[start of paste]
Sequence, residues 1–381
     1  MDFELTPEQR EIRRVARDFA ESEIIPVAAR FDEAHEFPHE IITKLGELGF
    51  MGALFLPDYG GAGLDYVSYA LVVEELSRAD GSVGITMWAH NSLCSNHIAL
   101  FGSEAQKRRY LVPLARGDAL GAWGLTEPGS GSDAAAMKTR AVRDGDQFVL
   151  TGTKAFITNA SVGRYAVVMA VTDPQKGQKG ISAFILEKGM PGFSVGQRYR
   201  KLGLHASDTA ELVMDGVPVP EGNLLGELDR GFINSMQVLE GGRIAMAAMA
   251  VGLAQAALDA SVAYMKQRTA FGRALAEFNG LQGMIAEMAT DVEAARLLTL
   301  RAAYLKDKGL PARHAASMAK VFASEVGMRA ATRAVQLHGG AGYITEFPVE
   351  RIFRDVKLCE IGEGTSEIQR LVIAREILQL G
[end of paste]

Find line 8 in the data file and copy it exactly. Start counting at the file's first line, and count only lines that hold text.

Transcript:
   301  RAAYLKDKGL PARHAASMAK VFASEVGMRA ATRAVQLHGG AGYITEFPVE